The first pair of pants I ever made was for a trip to Guatemala. I wanted something light weight that wouldn’t wrinkle, and most of all I wanted a secure pocket for my passport. I ran into some problems along the way – I never quite got the fly right, and I cut the legs too short and had to add mock cuffs around the bottoms just to get the length right. But on the whole, they came out surprisingly well, mostly thanks to the fabric, a wonderful linen/bamboo herringbone, which was light and airy, didn’t wrinkle (except around the unfortunate mock cuffs), and was quite pretty. I ended up wearing the pants a lot after the trip, and lending them to other people who wanted a secret passport pocket for their trips. Eventually they completely shredded and I had to say goodbye.
Last week I went on a road trip through the Southwest and in packing for that trip I really missed my travel pants. I didn’t want to wear shorts, because I was afraid the backs of my legs would get sunburned hiking, and then driving would be terrible. But I didn’t want to wear long pants in the desert, because even my summer pants get pretty warm. I have another pair of pure linen pants, but they get so wrinkly. It was clearly time to make another pair of travel pants.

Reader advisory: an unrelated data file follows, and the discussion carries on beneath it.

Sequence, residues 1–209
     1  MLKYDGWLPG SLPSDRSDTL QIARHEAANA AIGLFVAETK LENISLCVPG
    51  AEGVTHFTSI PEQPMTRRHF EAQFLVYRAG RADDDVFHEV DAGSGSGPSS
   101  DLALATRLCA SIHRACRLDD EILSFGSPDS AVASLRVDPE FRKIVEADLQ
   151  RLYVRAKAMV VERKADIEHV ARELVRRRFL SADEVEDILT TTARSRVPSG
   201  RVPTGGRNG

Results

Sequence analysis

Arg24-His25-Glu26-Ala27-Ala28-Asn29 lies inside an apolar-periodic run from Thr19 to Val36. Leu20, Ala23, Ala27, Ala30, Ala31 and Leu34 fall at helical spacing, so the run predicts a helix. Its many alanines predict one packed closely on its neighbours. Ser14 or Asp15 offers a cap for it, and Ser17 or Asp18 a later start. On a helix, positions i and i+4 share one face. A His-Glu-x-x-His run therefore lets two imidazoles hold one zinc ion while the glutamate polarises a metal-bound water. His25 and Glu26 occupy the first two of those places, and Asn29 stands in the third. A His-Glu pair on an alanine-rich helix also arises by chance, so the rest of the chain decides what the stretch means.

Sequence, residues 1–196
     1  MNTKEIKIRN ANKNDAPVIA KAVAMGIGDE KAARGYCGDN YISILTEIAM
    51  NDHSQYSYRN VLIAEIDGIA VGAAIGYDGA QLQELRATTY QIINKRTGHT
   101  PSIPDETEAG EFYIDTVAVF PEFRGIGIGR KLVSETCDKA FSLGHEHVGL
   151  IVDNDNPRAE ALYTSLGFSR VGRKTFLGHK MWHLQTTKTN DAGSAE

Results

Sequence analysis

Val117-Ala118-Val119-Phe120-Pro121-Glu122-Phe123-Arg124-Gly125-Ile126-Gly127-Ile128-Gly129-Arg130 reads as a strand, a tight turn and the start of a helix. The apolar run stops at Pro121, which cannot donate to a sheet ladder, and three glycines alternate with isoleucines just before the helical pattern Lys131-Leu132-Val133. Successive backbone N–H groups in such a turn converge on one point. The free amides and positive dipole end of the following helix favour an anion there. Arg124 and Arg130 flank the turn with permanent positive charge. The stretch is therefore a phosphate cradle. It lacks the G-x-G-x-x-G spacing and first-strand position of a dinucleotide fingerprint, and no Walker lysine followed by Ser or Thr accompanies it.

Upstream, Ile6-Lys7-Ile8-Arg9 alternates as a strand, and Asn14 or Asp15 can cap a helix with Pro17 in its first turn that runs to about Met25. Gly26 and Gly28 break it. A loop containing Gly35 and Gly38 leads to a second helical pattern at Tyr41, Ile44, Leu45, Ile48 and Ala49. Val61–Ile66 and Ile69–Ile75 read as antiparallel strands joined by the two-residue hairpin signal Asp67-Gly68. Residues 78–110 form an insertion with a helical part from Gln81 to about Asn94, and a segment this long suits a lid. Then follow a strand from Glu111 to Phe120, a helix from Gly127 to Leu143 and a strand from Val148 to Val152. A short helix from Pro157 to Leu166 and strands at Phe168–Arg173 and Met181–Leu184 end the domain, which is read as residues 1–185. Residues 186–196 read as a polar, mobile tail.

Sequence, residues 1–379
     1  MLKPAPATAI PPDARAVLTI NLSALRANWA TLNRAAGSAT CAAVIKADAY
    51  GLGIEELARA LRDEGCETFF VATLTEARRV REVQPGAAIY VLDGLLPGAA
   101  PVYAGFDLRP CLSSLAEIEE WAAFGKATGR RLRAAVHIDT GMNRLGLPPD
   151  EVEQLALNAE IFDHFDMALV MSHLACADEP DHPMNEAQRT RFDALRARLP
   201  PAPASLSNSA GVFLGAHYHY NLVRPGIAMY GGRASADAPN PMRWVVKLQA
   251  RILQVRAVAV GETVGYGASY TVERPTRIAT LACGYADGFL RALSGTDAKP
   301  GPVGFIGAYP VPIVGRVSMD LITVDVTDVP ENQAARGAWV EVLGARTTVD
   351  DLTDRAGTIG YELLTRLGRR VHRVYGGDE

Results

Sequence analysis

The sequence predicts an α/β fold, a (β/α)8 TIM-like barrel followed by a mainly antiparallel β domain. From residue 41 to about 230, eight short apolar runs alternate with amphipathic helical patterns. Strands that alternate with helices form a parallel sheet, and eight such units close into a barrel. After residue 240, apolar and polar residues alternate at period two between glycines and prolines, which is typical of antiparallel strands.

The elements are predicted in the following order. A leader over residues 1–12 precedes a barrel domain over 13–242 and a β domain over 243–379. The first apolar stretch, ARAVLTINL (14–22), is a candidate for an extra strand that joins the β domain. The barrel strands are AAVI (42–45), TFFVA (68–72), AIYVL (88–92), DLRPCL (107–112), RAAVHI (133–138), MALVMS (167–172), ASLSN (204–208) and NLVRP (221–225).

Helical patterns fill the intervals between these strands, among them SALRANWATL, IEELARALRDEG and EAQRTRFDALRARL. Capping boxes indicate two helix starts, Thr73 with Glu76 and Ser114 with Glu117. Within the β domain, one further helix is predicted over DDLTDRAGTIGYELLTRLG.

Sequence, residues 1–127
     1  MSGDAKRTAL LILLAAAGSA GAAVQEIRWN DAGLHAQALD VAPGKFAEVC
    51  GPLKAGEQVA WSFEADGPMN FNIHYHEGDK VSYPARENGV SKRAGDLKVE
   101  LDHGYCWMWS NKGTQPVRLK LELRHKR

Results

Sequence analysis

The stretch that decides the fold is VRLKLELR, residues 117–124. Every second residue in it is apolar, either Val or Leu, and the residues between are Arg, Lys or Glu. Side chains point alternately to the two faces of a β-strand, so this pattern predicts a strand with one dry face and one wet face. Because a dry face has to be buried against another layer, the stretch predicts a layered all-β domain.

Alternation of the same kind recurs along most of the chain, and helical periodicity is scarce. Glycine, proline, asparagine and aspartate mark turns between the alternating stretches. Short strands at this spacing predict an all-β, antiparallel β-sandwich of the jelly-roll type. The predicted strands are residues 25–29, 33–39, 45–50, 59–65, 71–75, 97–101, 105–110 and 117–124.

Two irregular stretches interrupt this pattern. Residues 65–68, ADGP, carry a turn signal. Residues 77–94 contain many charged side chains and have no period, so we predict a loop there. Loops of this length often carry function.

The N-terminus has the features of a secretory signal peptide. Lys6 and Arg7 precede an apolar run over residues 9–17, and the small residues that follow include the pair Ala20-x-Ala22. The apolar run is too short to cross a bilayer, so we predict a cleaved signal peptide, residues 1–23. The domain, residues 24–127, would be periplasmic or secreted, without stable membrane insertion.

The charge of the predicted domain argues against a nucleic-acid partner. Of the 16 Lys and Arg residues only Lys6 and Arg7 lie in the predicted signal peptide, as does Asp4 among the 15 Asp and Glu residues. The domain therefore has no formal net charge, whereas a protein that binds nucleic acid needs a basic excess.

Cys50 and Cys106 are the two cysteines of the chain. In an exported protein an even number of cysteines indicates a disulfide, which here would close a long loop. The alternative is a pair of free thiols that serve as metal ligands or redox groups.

I couldn’t find anything with quite the beautiful sheen of the herringbone I used last time, but this linen blend had the key features I was looking for: good airflow, somewhat wrinkle resistant, and with enough pattern to hide a bit of dirt. I didn’t put in a passport pocket this time, but I’ll add one if I ever take them out of the country – the patch pockets in front give plenty of space to hide a zippered pocket inside. Like my old pants these have wide legs (for extra airflow), and these new ones are high waisted (just for fun) and uncuffed (like the others should have been).
The pants did their job. I felt a little out of place on hiking trails full of people in fluorescent wicking fabrics, but I think I was more comfortable than any of them, and I didn’t have to change for dinner.